Visitors to the Blue Mountains Cultural Centre's 2020 portrait exhibition might find themselves doing a double take if they stop for a coffee in the centre's cafe afterwards.
One of the cafe's baristas, Karl Downing, is also featured in the exhibition in the guise of his pro-wrestling alter ego, Jorg Wolfgang, a fearsome Viking warrior.
Friend and fellow wrestler, Tim Ressos, captured the image in a photo shoot at Downing's Leura home last year. Conceding that wrestling promotional shots aren't usually "romantic or pleasant", Ressos said he wanted to capture the artistic side of the sport.
"We're more artists and performers deep down," he said.
With an axe slung over one shoulder, a sword in one hand and icy glaze staring straight at the viewer, the portrait also incorporates more cerebral aspects of Downing's personality.
"Tim knew enough about my personality to put extra things there, like the chess board or my laptop because I'm a writer as well. He was able to tap into that," he said.
The pair met at the Australian Pro-Wrestling Gym at Penrith in 2016 and quickly struck up a friendship after discovering they had common creative interests.
An accomplished puppeteer (his wrestling character is called Le Monsieur 'The Grand Puppeteer'), Ressos studied at the Actors College of Theatre and Television in Sydney. He has acted in stage productions and performed stand-up comedy while Downing's interests range from writing to acting to martial arts.
The friends both pursued their passions overseas at the same time - Ressos at the World Puppet Carnival in Kazakhstan in 2017 and Downing in China training with Shaolin monks.
Ressos' artistic statement accompanying the portraits sheds even more light on his wrestling companion's character, describing Downing as "driven by complementary and sometimes opposing forces that interact to form an exceptionally unique individual who cares for others in a curious fashion".
"When he isn't representing the Blue Mountains in wrestling, he can be found consuming old English, Norse or Chinese literature, playing chess or video games, contemplating the words of Tom Waits and Buddha, Jung and Jackie Chan, Keats and Henry Rollins whilst rolling a cigarette and cracking wise with a sardonic, laconic smile," it states.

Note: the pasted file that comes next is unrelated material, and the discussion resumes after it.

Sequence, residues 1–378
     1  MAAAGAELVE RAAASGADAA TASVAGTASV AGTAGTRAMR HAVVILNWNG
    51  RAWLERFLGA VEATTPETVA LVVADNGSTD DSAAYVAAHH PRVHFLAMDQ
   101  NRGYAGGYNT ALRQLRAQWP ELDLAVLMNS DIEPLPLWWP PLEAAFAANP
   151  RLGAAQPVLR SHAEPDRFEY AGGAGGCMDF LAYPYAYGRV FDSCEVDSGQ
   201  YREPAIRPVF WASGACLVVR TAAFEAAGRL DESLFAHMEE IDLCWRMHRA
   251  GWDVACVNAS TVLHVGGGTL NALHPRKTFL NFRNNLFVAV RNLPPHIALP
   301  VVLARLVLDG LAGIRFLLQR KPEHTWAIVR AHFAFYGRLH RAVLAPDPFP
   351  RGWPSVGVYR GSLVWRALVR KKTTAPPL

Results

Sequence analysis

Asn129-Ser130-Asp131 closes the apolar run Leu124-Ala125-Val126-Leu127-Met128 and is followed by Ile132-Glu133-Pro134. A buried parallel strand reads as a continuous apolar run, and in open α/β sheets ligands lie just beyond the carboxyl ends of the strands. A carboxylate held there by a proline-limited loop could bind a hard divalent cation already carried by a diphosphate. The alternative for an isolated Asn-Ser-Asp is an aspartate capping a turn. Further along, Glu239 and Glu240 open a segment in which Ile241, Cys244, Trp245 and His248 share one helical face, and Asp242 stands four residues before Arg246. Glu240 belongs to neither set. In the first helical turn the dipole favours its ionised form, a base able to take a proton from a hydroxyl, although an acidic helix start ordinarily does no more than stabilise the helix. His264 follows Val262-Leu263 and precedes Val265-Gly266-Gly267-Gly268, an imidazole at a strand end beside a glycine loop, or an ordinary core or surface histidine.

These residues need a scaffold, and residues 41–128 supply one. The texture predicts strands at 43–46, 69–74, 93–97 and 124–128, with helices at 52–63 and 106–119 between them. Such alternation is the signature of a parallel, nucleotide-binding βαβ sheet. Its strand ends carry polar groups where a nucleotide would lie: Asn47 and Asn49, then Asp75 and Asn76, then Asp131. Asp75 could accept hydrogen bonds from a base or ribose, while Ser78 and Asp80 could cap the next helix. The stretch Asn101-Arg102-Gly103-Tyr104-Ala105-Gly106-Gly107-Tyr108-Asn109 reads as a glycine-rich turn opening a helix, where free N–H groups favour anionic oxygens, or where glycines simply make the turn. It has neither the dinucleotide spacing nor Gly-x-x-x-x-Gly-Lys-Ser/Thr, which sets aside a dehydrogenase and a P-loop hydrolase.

Downing hopes the portrait will also help dispel stereotypes that wrestling is all about the fighting - or that its proponents don't know (spoiler alert) that it's pre-determined.
"We're having fun, we're performing, we're artists, we're creatives," he said. "It's a way of expressing ourselves."
Downing's portrait will be one of more than 40 on display at the cultural centre from January 25 to March 22 as part of the Blue Mountains Portraits exhibition.
"Our local portrait exhibition is now in its third year and has quickly turned into our most popular annual event, with over 16,000 visitors in 2019," said Blue Mountains City Council's cultural services manager, Paul Brinkman.
"The exhibition is a great showcase of the creative talents found in the Blue Mountains together with the many fascinating stories that make up our unique community. Every year the selection process gets harder, with many artists vying for a place on the gallery wall.
"This year we will be exhibiting over 40 artworks that cross a wide range of subjects and art styles and once again we will be asking visitors to nominate their favourite piece for the coveted peoples' choice award for 2020."